This next deck is based on the premise that Gideon, Ally of Zendikar is still the single best card in Standard.
Gideon, Ally of Zendikar is supported by cast of disruptive creatures, including Thalia, Heretic Cathar to stop the Saheeli Rai-Felidar Guardian combo. Thought-Knot Seer can break up the combo preemptively, and it's effective against every other broken strategy in Standard. Eldrazi Displacer does a lot of work against aggressive and midrange opponents. Selfless Spirit helps to keep these disruptive creatures alive, usually by demanding removal itself. It's also a great way to trigger Archangel Avacyn, which in this deck fills its usual role of Guardian Angel flashing in to protect something while adding an even bigger threat to the battlefield.
Heart of Kiran gives the deck very aggressive starts and plays well with Gideon, Ally of Zendikar and the many three-power creatures. White offers a strong removal suite, and Spatial Contortion stops many creatures in the metagame – specifically Winding Constrictor – and it doubles as a pump spell on large creatures that can help close out the game faster. I could see replacing it with Declaration in Stone if the metagame dictated. From the sideboard, the deck gets more controlling and can go long with the Bruna, the Fading Light and Gisela, the Broken Blade meld combo.
The deck is positioned to exploit a metagame heavy in combo decks with its suite of disruptive creatures, and Gideon, Ally of Zendikar gives it enough firepower to get through control decks. This midrange creature deck heavy on removal should play well against creature strategies.
The last deck today is a concept too unique and cool not to share.
This deck manages to seamlessly combine a wolf tribal theme with a spirit tribal theme, and the combination creates some strategic synergies that might not be obvious. The deck's flash spirits allow it to routinely pass the turn without a play, triggering werewolf creatures like Lambholt Pacifist to flip, but still build board presence by playing a creature on the opponent's turn. Spirit of the Hunt, a wolf spirit, is the centerpiece of the strategy, and it helps keep creatures alive. Pack Guardian is another wolf spirit with flash, and it's best of all on turn three after flipping Duskwatch Recruiter. Rattlechains fights off removal spells, and Nebelgast Herald contains creature strategies. Verdurous Gearhulk doesn't have tribal synergy, but it sits at the top of the curve as a way to power through the late game, and its counters are especially potent on the many fliers in the deck.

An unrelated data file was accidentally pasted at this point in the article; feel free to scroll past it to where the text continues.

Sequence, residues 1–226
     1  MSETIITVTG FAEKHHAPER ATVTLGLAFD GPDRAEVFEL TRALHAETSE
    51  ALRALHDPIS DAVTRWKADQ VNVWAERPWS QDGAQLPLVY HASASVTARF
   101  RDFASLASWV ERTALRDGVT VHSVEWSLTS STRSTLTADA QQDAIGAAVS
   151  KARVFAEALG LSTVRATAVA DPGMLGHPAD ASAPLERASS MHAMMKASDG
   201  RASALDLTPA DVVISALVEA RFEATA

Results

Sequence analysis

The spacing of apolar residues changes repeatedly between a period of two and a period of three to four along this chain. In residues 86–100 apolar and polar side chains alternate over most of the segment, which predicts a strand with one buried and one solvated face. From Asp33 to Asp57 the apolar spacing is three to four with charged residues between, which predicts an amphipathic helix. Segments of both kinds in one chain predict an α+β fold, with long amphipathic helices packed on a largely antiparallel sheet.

Counters support the flash creatures and give the deck more options on the opponent's turn. They interfere with all of the powerful strategies used in Standard, including the Saheeli Rai-Felidar Guardian combo. These counterspells are especially important in a deck without any traditional creature removal to speak of. This weakness is manageable in a format populated by midrange and combo decks where hyper-aggressive creature decks are in steep decline. This deck exists now as an aggressive deck with disruption, similar to the niche White-Blue Flash filled before the banning of Smuggler's Copter. It looks like an effective deck in a metagame filled with combo and control decks where the fastest creature decks are a rarity.
What do you think of the decks I shared today? What are the best Aether Revolt Standard decks you've seen? What do you have brewing? Share your ideas in the comments, and I'll answer any questions!